Poland’s Energy Security Strategy Comes At High Cost

10.09.2013 -

Poland's deal to import liquefied natural gas (LNG) from Qatar could saddle Eastern Europe's biggest economy with some of the highest prices in the world, a steep bill for a country seeking to wean itself off Russian supplies and restart growth.

Based on current prices, the Qatari imports scheduled to start in 2015 would cost at least a third more than what Russia charges for deliveries to Europe, also creating a potential wild card for a government expected to face new elections.

"Poland will have to live with it and get prepared for minimizing losses," said Andrzej Szczesniak, an independent oil and gas analyst. "It could resell the gas it receives from Qatar on the market, but probably at a lower price."

Szczesniak estimated the Qatari price to be 40-50% higher than that charged by Russian gas producer Gazprom. A senior energy executive in Poland suggested the premium was even higher.

Poland and other central and southeastern European countries receive the bulk of their gas from Russia and are eager to reduce dependence on their former Soviet master.

The winter 2009 dispute between Russia and Ukraine that shuttered a major pipeline serving the region underlined the risk of relying on Russian deliveries and pushed governments to redouble efforts to find new suppliers.

"The geopolitical, non-economic reason is to release Poland from dependency on a single supplier that is unfriendly," said Aviezer Tucker, who specializes in central and eastern European issues at the Energy Institute of the University of Texas.

"Unlike with piped natural gas, there is a global market for LNG."

One new proposal is a pipeline system to transport gas from Poland's new LNG terminal on the Baltic Sea and from another planned facility on Croatia's northern Adriatic island of Krk.

The 2.1 billion zloty ($645 million) terminal under construction in the Baltic port of Swinoujscie is expected to be finished in the second half of 2014 with Qatari deliveries beginning in 2015.

Under an agreement signed in 2009, Poland's gas monopoly PGNiG will buy 1 million tons of LNG annually for 20 years at a price closely correlated to crude oil.

The deal calls on Poland to pay a rate of 16% or above of crude oil prices, plus a fixed component of around 50 U.S. cents per million British thermal units (mmBtu), trade sources familiar with the agreement said.

At today's prices, that equates to around $20.50/mmBtu, compared with the cost of Russian long-term supplies to Europe of $13.50/mmBtu, data from Thomson Reuters Point Carbon shows.

That means Poland could pay an extra $325 million annually for the Qatari supplies, which will cover about a tenth of all demand in the country of some 39 million people.

Spot LNG on the global market fetches around $15.25/mmBtu, while current European pipeline gas prices trade at $10/mmBtu.

So far, the only cargoes currently secured for the terminal are Qatari term volumes, which are well above other long-term LNG contracts.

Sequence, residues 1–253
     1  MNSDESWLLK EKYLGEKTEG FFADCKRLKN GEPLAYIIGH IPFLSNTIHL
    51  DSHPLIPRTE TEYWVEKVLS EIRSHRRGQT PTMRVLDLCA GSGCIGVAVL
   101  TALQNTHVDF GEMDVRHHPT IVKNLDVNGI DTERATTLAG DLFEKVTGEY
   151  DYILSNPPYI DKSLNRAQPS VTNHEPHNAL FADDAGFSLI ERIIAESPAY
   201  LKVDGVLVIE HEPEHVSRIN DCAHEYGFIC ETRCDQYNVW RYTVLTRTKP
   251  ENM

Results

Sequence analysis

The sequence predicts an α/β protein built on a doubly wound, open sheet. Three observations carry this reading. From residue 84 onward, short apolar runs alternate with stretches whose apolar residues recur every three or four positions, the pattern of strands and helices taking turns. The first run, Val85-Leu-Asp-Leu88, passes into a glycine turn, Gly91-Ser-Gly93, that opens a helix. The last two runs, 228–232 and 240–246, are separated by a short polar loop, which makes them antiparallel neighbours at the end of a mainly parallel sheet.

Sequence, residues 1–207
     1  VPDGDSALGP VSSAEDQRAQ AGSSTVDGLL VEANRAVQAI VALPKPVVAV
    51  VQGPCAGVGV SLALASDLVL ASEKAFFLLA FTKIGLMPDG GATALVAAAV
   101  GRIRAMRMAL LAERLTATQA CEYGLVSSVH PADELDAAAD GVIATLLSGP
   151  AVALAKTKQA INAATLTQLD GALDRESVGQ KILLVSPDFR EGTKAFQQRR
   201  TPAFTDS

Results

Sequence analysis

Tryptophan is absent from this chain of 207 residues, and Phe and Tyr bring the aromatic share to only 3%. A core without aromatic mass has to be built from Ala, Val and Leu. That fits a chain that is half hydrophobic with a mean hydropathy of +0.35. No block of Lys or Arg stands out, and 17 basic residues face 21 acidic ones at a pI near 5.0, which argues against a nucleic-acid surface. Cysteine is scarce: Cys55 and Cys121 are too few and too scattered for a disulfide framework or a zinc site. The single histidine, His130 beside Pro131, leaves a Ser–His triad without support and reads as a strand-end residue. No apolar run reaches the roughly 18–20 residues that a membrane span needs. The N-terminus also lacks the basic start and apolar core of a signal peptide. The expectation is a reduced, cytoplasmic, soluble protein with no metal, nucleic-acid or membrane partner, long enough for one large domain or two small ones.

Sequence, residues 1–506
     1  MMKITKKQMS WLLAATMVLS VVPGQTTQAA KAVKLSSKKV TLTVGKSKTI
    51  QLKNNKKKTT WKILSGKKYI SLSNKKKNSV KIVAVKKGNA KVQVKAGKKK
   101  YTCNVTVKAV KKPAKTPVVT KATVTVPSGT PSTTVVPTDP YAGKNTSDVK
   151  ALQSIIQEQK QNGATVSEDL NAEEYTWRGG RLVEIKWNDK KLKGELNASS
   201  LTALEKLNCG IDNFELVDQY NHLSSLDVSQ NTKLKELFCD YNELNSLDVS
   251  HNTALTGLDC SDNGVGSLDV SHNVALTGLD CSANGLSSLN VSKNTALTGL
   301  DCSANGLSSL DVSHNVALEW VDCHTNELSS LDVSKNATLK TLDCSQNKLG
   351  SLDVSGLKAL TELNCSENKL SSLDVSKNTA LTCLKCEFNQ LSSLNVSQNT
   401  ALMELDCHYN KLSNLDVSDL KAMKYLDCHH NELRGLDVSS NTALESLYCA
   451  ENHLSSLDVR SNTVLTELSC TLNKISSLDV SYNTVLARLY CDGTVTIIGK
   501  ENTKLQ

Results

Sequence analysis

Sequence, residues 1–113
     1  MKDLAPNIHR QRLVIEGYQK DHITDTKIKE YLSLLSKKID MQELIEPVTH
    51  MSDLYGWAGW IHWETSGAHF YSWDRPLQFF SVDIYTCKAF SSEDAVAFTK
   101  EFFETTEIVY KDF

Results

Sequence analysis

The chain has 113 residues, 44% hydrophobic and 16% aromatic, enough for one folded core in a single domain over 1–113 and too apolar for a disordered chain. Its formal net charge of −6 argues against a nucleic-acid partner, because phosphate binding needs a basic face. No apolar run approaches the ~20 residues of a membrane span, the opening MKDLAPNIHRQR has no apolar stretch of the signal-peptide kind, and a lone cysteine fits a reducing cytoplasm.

Since high LNG prices will be passed on to final consumers, this could turn into a sticky political issue for the center-right government in 2015, when Poland is scheduled to hold parliamentary elections.

"Aside from this deal, which may be considered symbolic given the relatively low volumes on offer, Poland could eventually be an outlet for U.S. LNG once exports start," a separate industry source said.

Take Or Pay

The gas for the new terminal will likely come from the third production plant, or train, at Qatargas, the world's biggest LNG exporter.

It is expected that shale gas and regasified LNG will be more expensive than pipeline imports from Russia, which rose in 2010 to 10.2 billion m3 per year, until 2037.

Another issue for Poland is the "take-or-pay contract" requiring PGNiG to begin paying for LNG whether the terminal is ready or not. The Polish treasury minister said earlier in September that Poland is unlikely to pay for supplies if the LNG terminal is delayed.

Sources also told Reuters that PGNiG has set up a committee to look into renegotiating its Qatari deal, while a former Polish treasury minister has hinted that taking a second look at the agreement is on the table.

"I know there were such plans," an industry source in Poland familiar with the case said. PGNiG and the treasury ministry declined to comment, saying the contract was confidential.

Even so, new talks with Qatar have little chance of success as the LNG supplier would be reluctant to give a discount due to firm prices worldwide, market sources said.

"Such contracts can usually be renegotiated every third year after being implemented but I do not think the Qatari deal could be renegotiated before it starts, especially as there will be no place to unload the gas," analyst Szczesniak said.

Instead, Poland may have to offer substantial assets - such as power plants or real estate - to convince the Qataris to lower the price, the industry source said.

"This is only about Qatari goodwill," he said.